W. Michael Baggett ’68 received his Bachelor of Business Administration in accounting from Texas A&M. As a cadet, Baggett was a Yell Leader and a member Squadron 11 (Fightin’ 11) and served as Adjutant/ Inspector General on 3rd Group Staff, 1st Wing. He earned his Juris Doctorate from Baylor Law School, graduating Cum Laude. He served as As a member of the Corps of Cadets, General Van Alstyne commissioned from Texas A&M as an a First Lieutenant in the United States Army and Infantry officer in 1966, his Company grade duty received the Bronze Star for his service in Vietnam. included assignments in the Berlin Brigade; the Military Assistance Command, Vietnam; the 82nd Baggett went on to clerk for Judge Price Daniel, Texas Airborne Division; and the 3rd Armored Division Supreme Court from 1973 - 1974. He has successfully in Germany. During field grade years, he served in argued six cases in front of the Texas Supreme Court, the 1st Cavalry Division, commanded 2nd Battalion, all of which resulted in published opinions. He has 22nd Infantry in Germany; and was G3, 8th Infantry also tried over 50 commercial cases at the trial level. Baggett is a well-known author of widely-used legal Division. books and is a lecturer at judicial conferences, bar associations, law schools, trade and industry groups. 20

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Significantly, Baggett’s legal publications have been energy companies. He ultimately served as President cited as authority by 12 appellate courts. and Chief Executive Officer of Phoenix Exploration Company – a company focused on the discovery of Mr. Baggett has served as Chairman and CEO of American oil and gas. Winstead Attorneys from 1992 through 2006, and is presently Chairman Emeritus and Shareholder. In 2010, Flores was elected to the U.S. House Under his leadership, Winstead grew from an of Representatives and officially sworn into the established Texas law firm into a top-tier regional law 112th Congress in 2011, representing the 17th firm with offices throughout Texas, North Carolina Congressional District of Texas. He is an instrumentand Washington, D.C. rated private pilot with more than 2,400 hours of pilot-in-command time and is a major contributor to Baggett has held offices in the Texas A&M Foundation, the Wounded Warrior program. the Association of Former Students, the Texas Aggie Bar Association, the Dallas A&M Club, the 12th Man Flores is a Past Chair of The Association of Former Foundation and the Corps of Cadets Development Students and has served on the Texas A&M Private Council. Baggett was awarded the Association of Enterprise Research Center Board, the President’s Former Students Distinguished Alumnus Award and Board of Visitors, the 12th Man Foundation Athletic was also named an Outstanding Alumnus Award Ambassadors Council and the Mays Business School from Mays School of Business. Mr Baggett is an Development Council. He received The Association active member of the Texas Aggie Corps of Cadets of Former Student Distinguished Alumnus Award in Association. 2010. Congressman Flores is an active member of the Texas Aggie Corps of Cadets Association. Congressman Bill Flores ’76 President George Bush, 41 Congressman Bill Flores ’76 received his Bachelor of Business Administration in accounting from Texas A&M and his Master of Business Administration from Houston Baptist University. As a cadet, Congressman Flores was a member of Squadron 2, (Gator 2), served as Corps Staff Adjutant, was a member of the Ross Volunteer Company and served as Trial Council on Cadet Court. He served as Vice President of the Memorial Student Center and was elected Student Pictured above is President George Bush, 41 during the ceremony in which he became the first Honorary Lifetime member in the history of the Texas Aggie Body Vice President. He was also selected as Who’s Corps of Cadets Association. President Bush is pictured with CCA Board Who Among Students in American Colleges and member John Bonn ’79 and CCA Executive Director Don Crawford ’64. Universities. In addition to the seven former cadet honorees, former President George Bush, 41 was also inducted After receiving his Texas Certified Public Accountancy into the Hall of Honor as an honorary recipient. After (CPA) in 1978, he worked in the energy industry for Dr. Robert M. Gates, the former defense secretary nearly three decades. During that time, he served as and former Texas A&M president, President Bush a Chief Financial Officer, Chief Operating Officer becomes the second person to be inducted as an and Chief Executive Officer for several successful honorary member of the Corps Hall of Honor. WWW.CORPSOFCADETS.ORG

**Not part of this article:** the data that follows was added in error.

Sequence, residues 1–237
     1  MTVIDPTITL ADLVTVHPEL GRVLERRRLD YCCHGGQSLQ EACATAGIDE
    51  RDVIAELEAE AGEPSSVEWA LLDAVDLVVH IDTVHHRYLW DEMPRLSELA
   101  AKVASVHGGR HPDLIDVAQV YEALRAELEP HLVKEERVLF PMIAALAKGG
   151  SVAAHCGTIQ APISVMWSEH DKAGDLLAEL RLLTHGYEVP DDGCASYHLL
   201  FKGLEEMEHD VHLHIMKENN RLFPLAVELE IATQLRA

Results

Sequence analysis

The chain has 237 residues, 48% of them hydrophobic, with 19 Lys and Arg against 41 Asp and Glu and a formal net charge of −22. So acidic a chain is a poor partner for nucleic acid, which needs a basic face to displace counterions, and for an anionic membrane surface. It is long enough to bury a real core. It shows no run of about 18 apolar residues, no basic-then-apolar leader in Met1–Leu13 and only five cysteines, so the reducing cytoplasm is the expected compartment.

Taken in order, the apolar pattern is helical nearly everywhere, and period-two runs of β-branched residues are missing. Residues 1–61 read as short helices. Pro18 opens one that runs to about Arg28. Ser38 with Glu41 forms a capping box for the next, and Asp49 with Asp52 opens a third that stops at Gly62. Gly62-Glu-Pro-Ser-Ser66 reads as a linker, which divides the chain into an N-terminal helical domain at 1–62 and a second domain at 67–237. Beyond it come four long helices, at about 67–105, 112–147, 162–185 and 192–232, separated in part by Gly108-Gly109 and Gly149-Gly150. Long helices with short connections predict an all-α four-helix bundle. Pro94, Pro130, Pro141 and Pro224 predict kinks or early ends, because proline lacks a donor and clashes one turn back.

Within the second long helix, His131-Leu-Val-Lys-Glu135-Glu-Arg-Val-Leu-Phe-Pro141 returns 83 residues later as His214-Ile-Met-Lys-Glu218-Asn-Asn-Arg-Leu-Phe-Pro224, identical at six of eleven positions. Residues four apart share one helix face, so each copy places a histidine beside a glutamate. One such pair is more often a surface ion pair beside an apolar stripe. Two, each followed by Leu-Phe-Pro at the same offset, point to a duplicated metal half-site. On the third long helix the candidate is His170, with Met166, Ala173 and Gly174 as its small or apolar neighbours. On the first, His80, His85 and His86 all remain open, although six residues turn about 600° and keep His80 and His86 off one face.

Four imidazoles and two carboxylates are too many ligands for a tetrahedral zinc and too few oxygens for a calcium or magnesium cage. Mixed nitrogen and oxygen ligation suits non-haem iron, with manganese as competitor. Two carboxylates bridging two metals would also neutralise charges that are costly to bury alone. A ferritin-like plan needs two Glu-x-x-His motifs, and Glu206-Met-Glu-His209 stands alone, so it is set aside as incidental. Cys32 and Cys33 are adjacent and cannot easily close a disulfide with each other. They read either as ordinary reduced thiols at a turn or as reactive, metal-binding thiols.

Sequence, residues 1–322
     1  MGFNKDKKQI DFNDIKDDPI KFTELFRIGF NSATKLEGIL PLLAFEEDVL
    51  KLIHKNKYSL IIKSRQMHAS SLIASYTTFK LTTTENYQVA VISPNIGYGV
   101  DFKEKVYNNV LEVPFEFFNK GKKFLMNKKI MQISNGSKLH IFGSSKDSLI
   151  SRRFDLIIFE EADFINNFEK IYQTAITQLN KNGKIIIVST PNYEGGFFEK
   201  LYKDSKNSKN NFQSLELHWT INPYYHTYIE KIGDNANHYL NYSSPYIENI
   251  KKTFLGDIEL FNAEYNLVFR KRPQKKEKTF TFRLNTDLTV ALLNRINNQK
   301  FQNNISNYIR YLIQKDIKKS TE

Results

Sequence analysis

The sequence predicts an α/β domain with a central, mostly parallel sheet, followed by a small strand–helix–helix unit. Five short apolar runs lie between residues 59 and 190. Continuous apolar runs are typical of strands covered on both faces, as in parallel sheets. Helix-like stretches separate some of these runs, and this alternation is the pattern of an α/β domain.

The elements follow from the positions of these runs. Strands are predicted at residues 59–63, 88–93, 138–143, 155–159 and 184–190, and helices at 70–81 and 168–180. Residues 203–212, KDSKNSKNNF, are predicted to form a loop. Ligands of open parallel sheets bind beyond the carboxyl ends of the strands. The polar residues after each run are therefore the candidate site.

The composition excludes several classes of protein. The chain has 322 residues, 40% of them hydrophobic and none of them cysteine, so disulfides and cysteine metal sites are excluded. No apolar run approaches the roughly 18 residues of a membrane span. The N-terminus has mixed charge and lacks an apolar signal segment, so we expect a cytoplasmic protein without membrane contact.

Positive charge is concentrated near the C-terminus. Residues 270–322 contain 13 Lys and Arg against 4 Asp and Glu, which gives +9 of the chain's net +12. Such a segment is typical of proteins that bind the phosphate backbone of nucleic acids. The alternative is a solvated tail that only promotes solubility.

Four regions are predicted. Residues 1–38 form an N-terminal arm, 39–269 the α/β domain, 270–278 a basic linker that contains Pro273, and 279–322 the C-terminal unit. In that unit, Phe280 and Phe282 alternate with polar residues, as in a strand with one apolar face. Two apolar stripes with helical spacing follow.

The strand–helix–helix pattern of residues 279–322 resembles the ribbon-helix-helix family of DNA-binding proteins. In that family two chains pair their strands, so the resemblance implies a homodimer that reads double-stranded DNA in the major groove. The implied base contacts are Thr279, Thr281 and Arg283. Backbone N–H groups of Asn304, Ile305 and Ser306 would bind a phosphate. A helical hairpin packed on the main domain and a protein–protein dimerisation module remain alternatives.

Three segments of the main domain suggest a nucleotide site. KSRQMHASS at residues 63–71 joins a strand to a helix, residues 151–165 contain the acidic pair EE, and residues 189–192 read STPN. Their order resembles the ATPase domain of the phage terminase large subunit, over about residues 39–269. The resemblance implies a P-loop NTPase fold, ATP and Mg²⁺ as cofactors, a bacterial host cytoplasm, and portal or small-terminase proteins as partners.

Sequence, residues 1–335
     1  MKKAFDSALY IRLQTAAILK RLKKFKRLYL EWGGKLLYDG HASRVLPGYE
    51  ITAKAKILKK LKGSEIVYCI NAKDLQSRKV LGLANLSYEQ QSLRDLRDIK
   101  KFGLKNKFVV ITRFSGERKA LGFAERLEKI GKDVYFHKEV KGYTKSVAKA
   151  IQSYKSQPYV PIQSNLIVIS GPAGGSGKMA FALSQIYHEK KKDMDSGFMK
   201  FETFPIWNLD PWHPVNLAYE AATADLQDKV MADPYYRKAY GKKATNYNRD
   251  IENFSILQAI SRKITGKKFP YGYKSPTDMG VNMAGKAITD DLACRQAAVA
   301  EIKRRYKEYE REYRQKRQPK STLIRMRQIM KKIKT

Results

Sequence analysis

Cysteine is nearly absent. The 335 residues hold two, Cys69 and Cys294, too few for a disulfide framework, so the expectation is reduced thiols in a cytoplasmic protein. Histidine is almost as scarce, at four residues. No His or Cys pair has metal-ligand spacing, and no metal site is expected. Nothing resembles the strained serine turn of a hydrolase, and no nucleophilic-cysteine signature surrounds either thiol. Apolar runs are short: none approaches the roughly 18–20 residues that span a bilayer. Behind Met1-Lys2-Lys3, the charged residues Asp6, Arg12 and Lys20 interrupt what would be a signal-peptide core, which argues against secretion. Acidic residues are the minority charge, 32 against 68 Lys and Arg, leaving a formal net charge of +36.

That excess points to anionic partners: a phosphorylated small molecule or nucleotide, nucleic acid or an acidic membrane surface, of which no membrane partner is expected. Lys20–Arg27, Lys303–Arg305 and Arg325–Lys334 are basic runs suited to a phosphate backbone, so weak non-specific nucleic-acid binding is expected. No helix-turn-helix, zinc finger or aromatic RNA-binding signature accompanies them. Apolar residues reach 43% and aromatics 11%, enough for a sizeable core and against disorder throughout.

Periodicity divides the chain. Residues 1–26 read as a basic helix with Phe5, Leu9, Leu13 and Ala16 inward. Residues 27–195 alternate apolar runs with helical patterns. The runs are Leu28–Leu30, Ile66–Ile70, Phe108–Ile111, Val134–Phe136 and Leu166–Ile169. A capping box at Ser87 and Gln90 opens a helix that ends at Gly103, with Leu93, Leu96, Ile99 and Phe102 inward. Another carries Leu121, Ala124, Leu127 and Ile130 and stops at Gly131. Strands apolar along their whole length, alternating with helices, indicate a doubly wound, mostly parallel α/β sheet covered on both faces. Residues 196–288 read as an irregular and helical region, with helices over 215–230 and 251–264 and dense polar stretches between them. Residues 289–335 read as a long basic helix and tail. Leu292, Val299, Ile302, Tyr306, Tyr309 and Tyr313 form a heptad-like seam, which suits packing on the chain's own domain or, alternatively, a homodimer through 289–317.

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Parents’ Weekend Through the years, the Texas A&M tradition of honoring mothers and parents has been designated as Mothers’ Day, Mother and Dads’ Day, Parents’ Day, Parent Appreciation Day, and Open House. Presently, it is called Parents’ Weekend. Until 1974, an Aggie Mother of the Year was selected by the A&M Student Life Committee. In time, the Texas A&M student body began selecting an outstanding couple to honor as the “Aggie Parents of the Year”. After World War II, Texas A&M College traditionally held mother’s or parents’ programs on the second Sunday in May. The weekend long activities included unit flower-pinnings, a military review, dorm inspections and awards ceremonies. Presentation of awards took place on the Main Drill Field, now Simpson Drill Field. Ceremonies were subsequently moved to Kyle Field in the early 1970’s. These award ceremonies consisted of individual cadet awards and citations as well as unit awards and citations. In 1969, graduation was moved to early May and the annual Mothers’ Day program was moved to April. Today, Parents’ Weekend consists of many activities including: flower-pinning ceremonies, military reviews, All University Awards, Corps special unit performances, and cadet and unit awards. The traditional flower-pinning is one of the oldest traditions at Texas A&M and traces it roots to the Corps of Cadets. The ceremony can be traced back to late April 1909 when Colonel R.T. Milner, President of the A. & M. College, held the first known ceremony in front of Old Main prior to a chapel service. The ceremony later became a highlight of the Mothers’ Day weekend festivities and has continued to be a traditional part of today’s Parents’ Weekend activities. The ceremony is conducted by the outfit commanding officer’s mother who has the privilege of pinning on a carnation to each member of the outfit. If the cadet’s mother is living, a red carnation is pinned. If she is no longer living, a white carnation is pinned.